I was up on the second floor talking with a senior clerk in Housewares who had just found out she was going to lose her job. This was the first week of liquidation at the Gottschalks department store in Santa Rosa, Ca. She had worked for the company for more than 5 years.
"How are you doing?" I asked.
"Mostly, I'm just mad." she replied. "I just hate seeing this happen here. And I don't want to lose my job."
She said this as she kindly helped me with a small purchase during our conversation.
By way of background, I learned that: "Gottschalks, founded in Fresno in 1904, operated 58 department stores and three specialty stores, including locations in Santa Cruz and Watsonville. It had about 5,200 employees in California, Oregon, Washington, Alaska, Idaho and Nevada," wrote Tim Sheehan of The Fresno Bee. "Gottschalks filed for Chapter 11 bankruptcy in mid-January in hopes of either reorganizing its debt or finding a buyer." But unfortunately neither plan worked and they had to turn over their business to a liquidator.
The sequence for closing a large retail store this way is predictable, almost mathematical. First, the liquidator moves in and takes over the operation. Initially, they may actually raise the prices. For example, while I was in Gottschalks, I overheard one customer commenting, "I was here last week and this set of dishes was on sale for 40 percent off. Now they're only 20 percent discounted." This also happened with a Circuit City store closing (as reported by Ira Glass in This American Life). The liquidators raised prices at the beginning of the closing to get as much money as possible, then slowly deepened the discounts as inventory dwindled.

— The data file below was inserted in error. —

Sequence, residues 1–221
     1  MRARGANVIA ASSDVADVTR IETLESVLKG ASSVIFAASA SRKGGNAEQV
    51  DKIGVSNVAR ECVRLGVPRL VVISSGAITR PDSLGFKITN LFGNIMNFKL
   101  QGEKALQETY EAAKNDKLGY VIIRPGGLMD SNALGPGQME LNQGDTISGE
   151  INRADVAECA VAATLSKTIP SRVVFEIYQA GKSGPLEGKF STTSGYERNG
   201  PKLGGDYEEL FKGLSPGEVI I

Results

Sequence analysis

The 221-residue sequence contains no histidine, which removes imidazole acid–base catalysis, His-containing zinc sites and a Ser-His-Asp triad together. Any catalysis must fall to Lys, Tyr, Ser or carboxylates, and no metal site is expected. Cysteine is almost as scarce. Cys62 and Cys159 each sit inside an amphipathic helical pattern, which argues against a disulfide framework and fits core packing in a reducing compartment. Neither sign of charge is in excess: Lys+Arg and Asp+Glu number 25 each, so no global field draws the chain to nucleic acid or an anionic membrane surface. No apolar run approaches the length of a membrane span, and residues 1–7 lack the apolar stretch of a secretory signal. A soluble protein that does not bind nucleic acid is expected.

Even though the signs outside tempt shoppers with savings up to 60 percent, they most likely won't see that level of discounting for weeks. Meanwhile, inside on the second floor in Housewares, I feel the eerie sensation of death. I know that soon everything I see here will be gone. Out of the corner of my eye I notice another clerk who had given me a great deal on a major purchase months back. I had this fleeting thought that maybe I had taken advantage of him, and now he was certain to lose his job.
"These are good people," blurted the woman who was helping me at the counter. "I've really enjoyed working for this company." She then carefully finished wrapping my purchase and wished me a good day. "Best of luck," I said, and took the escalator back down to the first floor, knowing this will be my last visit to Gottschalks of Santa Rosa.
Photos by Derrick Story with a Canon 5D Mark ll and a Canon 24-105mm f/4 lens. Images processed and converted to B&W in Aperture.
Follow me on Twitter
Derrick Story, digital photography, The Digital Story, Signs of the Times